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How Uncontrolled Diabetes Is Linked to Cognitive Impairment

The relationship is complicated, but the solutions are simpler.

Thoughtful old manThoughtful old man

A team of Spanish researchers has examined how glucose imbalance leads to neurological disorders through the failure of adipocytokines.

What are adipocytokines?

These compounds’ name seems a bit concerning: “adipo-” refers to fat, and a cytokine is a cellular signal most commonly known for being part of the deadly cytokine storm associated with severe immunological problems. However, the two adipocytokines that these researchers studied, adiponectin and leptin, have a beneficial, neuroprotective effect through specific receptors in the brain [1].

The researchers cite a great number of previous studies, some of which are contradictory, in elucidating this relationship. They note another hypothesis that suggests that the ratio between these two compounds (Ad/L) is the most important; however, previous research in this direction has also been contradictory.

However, one thing is clear: metabolic syndrome is dangerous to the brain, as inflammation and hyperglycemia (a characteristic symptom of diabetes) are linked to cognitive impairment through the infliction of oxidative stress [2].

A Bayesian examination

Using Bayesian computer modeling, the researchers set out to examine the precise relationship between metabolic syndrome and brain dysfunction. What they discovered was an extremely complicated relationship between the Ad/L ratio, insulin resistance, and triglycerides or glucose. In the case of elevated triglycerides and high insulin resistance, a higher Ad/L ratio was neuroprotective; however, if glucose was elevated instead, this ratio became associated with reduced cognitive function.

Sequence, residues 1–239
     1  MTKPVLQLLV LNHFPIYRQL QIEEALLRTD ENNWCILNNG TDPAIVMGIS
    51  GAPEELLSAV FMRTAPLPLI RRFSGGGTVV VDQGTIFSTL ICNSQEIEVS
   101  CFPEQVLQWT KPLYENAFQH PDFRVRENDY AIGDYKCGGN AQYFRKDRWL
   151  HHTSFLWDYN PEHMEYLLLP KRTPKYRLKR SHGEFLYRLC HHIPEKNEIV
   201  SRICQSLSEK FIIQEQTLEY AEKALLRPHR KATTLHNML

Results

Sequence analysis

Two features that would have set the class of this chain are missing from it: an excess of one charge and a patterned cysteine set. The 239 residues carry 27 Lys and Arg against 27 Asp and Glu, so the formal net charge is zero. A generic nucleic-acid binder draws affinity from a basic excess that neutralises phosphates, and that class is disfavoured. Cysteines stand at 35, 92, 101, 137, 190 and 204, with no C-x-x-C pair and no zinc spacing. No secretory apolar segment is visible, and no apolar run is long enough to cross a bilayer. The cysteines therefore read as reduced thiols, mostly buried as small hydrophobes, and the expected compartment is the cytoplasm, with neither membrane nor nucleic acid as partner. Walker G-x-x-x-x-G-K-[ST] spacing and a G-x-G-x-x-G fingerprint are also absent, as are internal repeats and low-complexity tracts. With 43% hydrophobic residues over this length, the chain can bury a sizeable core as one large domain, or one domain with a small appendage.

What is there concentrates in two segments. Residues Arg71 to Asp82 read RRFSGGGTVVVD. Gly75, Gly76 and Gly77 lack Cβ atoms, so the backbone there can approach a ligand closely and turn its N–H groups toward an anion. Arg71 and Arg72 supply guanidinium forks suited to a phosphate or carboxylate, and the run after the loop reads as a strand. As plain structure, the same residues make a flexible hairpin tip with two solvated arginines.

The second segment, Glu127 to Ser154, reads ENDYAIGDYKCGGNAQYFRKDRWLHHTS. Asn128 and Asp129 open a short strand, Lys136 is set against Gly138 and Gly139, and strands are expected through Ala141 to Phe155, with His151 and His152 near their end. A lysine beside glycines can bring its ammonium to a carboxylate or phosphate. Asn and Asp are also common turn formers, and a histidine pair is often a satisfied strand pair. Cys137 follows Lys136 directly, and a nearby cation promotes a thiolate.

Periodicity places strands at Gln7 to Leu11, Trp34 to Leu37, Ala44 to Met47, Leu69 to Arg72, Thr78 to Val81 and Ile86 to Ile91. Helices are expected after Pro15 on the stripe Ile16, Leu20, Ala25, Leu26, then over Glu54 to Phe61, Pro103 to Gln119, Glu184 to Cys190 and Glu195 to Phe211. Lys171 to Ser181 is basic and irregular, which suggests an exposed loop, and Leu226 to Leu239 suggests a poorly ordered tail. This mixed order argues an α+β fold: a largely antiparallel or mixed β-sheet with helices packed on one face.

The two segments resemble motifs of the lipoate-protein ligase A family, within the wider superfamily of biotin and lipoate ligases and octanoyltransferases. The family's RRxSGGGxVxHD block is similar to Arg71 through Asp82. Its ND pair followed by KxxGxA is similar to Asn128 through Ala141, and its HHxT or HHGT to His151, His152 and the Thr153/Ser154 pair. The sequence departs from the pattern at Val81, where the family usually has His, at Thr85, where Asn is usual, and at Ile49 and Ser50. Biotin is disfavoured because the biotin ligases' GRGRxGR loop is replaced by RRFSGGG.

Most critically, and most understandably, the researchers singled out glucose metabolism as playing a key role in the loss of neuroprotection. Even in the presence of insulin resistance, if glucose is controlled, adipocytokines can continue to protect the brain; if it goes out of control, this protective ability is lost.

Furthermore, the researchers single out a particular part of the brain as being particularly vulnerable: the rostral anterior cingulate cortex (rACC). This is responsible for carrying information between key areas of the brain, such as behavior, decision making, learning, and memory.

The authors of this study cite prior research showing that lifestyle interventions, such as diet and exercise, are the best way of preventing this decline [3]. However, they go further by saying that it may be worth investigating treating sufferers of metabolism-related cognitive impairment with the adipocytokines involved, particularly leptin, which has shown beneficial effects in the brains of people with a genetic deficiency.


This study is extremely complicated, merging together several seemingly contradictory explanations for how insulin, glucose, and fats interact within the brain. The researchers actually hold that it may not be detailed enough; they were unable to examine every related hormone, for example, and they state that sex-based differences, preclinical Alzheimer’s disease, and other, undiscovered issues may have played various roles in their results.

While this research clearly warrants further investigation, it may be worth a clinical trial to determine if the administration of adipocytokine-enhancing drugs is beneficial. Furthermore, this research makes it even more clear just how harmful uncontrolled glucose is and how important living a healthy lifestyle is, even for rarely mentioned parts of the brain.

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[1] Harvey, J. (2007). Leptin: a diverse regulator of neuronal function. Journal of neurochemistry, 100(2), 307-313.

[2] Etchegoyen, M., Nobile, M. H., Baez, F., Posesorski, B., González, J., Lago, N., … & Otero-Losada, M. (2018). Metabolic syndrome and neuroprotection. Frontiers in neuroscience, 12, 196.

[3] Atienza, M., Ziontz, J., & Cantero, J. L. (2018). Low-grade inflammation in the relationship between sleep disruption, dysfunctional adiposity, and cognitive decline in aging. Sleep medicine reviews, 42, 171-183.

About the author
Josh Conway

Josh Conway

Josh is a professional editor and is responsible for editing our articles before they become available to the public as well as moderating our Discord server. He is also a programmer, long-time supporter of anti-aging medicine, and avid player of the strange game called “real life.” Living in the center of the northern prairie, Josh enjoys long bike rides before the blizzards hit.
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